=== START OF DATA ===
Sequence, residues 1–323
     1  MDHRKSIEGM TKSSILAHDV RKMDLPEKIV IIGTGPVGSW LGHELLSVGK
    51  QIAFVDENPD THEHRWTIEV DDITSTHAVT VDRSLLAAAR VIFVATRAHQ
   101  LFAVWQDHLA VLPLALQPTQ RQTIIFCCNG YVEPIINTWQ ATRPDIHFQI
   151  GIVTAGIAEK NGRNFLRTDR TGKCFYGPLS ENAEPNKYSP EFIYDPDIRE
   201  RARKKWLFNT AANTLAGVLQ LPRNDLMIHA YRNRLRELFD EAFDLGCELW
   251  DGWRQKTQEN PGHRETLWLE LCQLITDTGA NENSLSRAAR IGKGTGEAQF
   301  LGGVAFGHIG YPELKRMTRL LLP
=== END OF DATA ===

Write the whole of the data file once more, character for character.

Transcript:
Sequence, residues 1–323
     1  MDHRKSIEGM TKSSILAHDV RKMDLPEKIV IIGTGPVGSW LGHELLSVGK
    51  QIAFVDENPD THEHRWTIEV DDITSTHAVT VDRSLLAAAR VIFVATRAHQ
   101  LFAVWQDHLA VLPLALQPTQ RQTIIFCCNG YVEPIINTWQ ATRPDIHFQI
   151  GIVTAGIAEK NGRNFLRTDR TGKCFYGPLS ENAEPNKYSP EFIYDPDIRE
   201  RARKKWLFNT AANTLAGVLQ LPRNDLMIHA YRNRLRELFD EAFDLGCELW
   251  DGWRQKTQEN PGHRETLWLE LCQLITDTGA NENSLSRAAR IGKGTGEAQF
   301  LGGVAFGHIG YPELKRMTRL LLP